The University of Arizona got federal permission to study the impacts of marijuana on veterans suffering from post-traumatic stress syndrome, but Republican Sen. Kimberly Yee blocked a House bill that would allow the UA to use fees from the state's medical-marijuana program to fund the study.
The Gun Guys Lose a Few Rounds
While Brewer has signed many bills liberalizing Arizona's generally lax gun laws, she's shown in past sessions that there are limits to her enthusiasm for the Second Amendment—and she showed that again this year when she vetoed three gun bills. One would have allowed guns in public buildings as well as on private property during public events; another would have penalized elected officials who attempted to pass ordinances restricting gun rights that conflicted with state law; and a third would have made it a felony to take someone's gun away with the intent of causing harm.
Gray Wolves Win a Round
Brewer also vetoed legislation that would have allowed ranchers to kill endangered gray wolves that prey on their livestock. Given that such killings are illegal under federal law, Brewer wrote in her veto letter that the proposed legislation "is unnecessary and conflicts with federal law."
Backyard Chickens Lose a Round
A bill that would have blocked local governments from prohibiting the raising of backyard chickens died in the House of Representatives, but not before Rep. Adam Kwasman, an Oro Valley Republican, made an impassioned plea for its passage, telling his colleagues: "I don't know if you know me, but not a lot of girls want to go out with me. The young lady that I'm dating really wants this bill to pass. Guys, come on!" The Yuma Sun's headline on the subsequent story by Howie Fischer of Capitol Media Services was: "Plucky lawmaker unlucky with the chicks urges passage of poultry measure."
Handcuffs Come Off Rio Nuevo Board
Tucson's downtown redevelopment authority had some restrictions lifted via a bill that allows the Rio Nuevo board to spend money on other projects without first moving forward on a hotel deal. Given that downtown revitalization has finally picked up some real momentum and (most of) the current board members appear to be sincere about getting real work done instead of pointlessly battling city government and hamstringing redevelopment efforts, it's probably a step in the right direction.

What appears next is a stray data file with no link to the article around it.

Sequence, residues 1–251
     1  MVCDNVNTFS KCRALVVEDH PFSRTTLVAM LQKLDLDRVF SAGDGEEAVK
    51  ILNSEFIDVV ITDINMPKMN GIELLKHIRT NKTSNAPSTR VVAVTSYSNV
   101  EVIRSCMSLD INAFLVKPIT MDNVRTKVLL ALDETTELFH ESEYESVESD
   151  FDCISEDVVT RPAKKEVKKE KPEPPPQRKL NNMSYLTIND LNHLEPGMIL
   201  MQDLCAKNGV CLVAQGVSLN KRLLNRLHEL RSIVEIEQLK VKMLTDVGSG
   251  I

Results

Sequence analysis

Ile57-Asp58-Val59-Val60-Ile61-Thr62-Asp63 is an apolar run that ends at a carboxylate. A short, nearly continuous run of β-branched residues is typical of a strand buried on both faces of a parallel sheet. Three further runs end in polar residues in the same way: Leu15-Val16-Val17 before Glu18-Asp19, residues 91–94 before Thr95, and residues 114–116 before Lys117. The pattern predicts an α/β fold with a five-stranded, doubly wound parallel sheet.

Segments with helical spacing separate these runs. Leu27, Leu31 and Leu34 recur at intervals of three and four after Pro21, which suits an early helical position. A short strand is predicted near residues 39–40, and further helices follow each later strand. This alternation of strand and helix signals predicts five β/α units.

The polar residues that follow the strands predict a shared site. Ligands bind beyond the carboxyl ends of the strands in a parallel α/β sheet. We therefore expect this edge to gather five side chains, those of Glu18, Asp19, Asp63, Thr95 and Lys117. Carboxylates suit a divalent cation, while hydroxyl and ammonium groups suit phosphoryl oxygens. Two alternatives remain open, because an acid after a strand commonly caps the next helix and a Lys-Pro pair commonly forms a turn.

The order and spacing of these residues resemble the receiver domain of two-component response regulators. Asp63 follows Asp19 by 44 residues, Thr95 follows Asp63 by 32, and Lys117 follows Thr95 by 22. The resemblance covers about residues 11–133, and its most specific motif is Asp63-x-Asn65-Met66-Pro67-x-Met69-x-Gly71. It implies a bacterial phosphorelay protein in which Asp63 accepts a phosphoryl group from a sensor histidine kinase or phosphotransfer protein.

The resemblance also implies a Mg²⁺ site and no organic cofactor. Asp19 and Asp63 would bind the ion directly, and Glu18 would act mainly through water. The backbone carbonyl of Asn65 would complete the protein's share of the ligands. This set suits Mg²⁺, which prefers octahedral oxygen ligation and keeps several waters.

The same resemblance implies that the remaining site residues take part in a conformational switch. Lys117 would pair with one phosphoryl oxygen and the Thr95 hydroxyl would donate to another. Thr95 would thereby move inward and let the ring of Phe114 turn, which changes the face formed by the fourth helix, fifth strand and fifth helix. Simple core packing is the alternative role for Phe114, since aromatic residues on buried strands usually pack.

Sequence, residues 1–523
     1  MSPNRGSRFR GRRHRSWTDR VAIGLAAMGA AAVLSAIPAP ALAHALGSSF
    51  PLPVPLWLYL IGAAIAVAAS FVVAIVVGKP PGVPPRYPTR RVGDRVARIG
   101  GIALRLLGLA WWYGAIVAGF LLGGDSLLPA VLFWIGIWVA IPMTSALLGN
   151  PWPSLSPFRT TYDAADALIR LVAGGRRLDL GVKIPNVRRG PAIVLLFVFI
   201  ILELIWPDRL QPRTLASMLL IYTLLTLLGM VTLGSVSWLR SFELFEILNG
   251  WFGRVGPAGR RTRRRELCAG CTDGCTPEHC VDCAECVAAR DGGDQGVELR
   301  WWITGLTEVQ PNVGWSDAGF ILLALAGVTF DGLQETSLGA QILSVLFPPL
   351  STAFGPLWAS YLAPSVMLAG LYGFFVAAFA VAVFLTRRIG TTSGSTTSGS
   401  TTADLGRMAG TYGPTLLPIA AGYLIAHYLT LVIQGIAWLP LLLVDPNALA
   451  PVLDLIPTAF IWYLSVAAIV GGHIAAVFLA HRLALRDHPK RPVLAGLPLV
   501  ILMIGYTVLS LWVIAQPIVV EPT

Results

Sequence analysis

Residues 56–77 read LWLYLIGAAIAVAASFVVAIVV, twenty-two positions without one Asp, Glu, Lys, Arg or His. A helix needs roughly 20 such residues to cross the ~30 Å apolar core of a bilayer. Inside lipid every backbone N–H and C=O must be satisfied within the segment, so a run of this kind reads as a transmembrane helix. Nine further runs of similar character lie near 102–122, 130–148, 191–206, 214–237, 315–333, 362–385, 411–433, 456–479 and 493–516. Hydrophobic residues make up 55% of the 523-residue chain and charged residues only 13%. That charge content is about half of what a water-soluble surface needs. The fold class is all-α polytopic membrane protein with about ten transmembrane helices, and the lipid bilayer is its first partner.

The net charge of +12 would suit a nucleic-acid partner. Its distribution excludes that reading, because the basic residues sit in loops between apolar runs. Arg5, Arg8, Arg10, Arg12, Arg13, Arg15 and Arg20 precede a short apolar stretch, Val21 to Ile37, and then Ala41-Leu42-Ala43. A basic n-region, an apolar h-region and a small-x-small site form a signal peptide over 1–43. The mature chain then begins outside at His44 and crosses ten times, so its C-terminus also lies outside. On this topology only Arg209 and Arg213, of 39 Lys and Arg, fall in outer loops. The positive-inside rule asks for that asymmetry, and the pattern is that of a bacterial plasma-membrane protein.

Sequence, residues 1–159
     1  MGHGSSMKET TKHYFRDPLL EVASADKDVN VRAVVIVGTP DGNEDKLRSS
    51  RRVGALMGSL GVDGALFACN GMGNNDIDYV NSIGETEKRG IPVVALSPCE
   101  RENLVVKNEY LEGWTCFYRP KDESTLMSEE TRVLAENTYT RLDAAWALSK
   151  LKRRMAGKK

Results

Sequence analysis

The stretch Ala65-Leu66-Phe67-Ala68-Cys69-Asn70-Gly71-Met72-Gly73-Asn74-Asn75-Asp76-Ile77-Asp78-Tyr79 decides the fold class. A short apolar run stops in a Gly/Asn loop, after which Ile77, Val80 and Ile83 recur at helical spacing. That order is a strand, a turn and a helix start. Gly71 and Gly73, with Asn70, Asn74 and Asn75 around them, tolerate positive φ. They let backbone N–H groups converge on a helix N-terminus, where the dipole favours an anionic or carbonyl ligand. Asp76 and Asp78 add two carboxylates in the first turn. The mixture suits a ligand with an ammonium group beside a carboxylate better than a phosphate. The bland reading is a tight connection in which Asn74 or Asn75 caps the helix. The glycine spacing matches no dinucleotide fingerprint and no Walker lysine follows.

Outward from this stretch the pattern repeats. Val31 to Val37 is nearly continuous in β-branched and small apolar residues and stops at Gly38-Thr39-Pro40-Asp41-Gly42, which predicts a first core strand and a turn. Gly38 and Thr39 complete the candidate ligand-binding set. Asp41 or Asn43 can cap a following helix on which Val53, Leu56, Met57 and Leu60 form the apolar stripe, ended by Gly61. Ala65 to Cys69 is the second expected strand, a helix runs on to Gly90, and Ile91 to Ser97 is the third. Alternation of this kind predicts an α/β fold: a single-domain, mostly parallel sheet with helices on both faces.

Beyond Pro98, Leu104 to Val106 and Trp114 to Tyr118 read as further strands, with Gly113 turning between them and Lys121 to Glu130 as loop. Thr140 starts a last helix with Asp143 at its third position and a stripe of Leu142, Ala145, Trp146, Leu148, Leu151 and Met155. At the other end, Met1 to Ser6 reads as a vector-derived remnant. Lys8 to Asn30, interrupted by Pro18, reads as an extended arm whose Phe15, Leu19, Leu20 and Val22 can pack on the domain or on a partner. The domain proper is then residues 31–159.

It Starts With an Earthquake ...
If you're among those who have been wondering how to prepare for the end of the world as we know it, the Legislature is here to help. Brewer signed SB 1476, a little-noticed bill that requires the Arizona Division of Emergency Management to determine "the type and quantities of supplies that each person should possess in preparation for an EMP that might occur over the U.S.," according to a legislative summary of the bill. (An EMP, or electromagnetic pulse, for those of you who aren't doomsday preppers, is defined in the legislation as "high-intensity electromagnetic radiation that is generated by a nuclear blast high above the earth's surface meant to disrupt electronic and electrical systems."
The assessment of how much food, water and medical supplies an Arizonan should have on hand before an EMP goes off will be posted on the Internet, but you'd better check it before the EMP goes off, since there won't be any Web browsing afterward. Surprisingly, the number of firearms and boxes of ammunition needed were not included in the list of vital supplies.
Presumably, the list would also serve useful in the event of deadly virus outbreak, alien invasion, zombie apocalypse or any other Mad Max scenario of your choosing.
As Rep. Bruce Wheeler, a Tucson Democrat, put it: "It's the Legislature. If it's not extremist, it's wacko."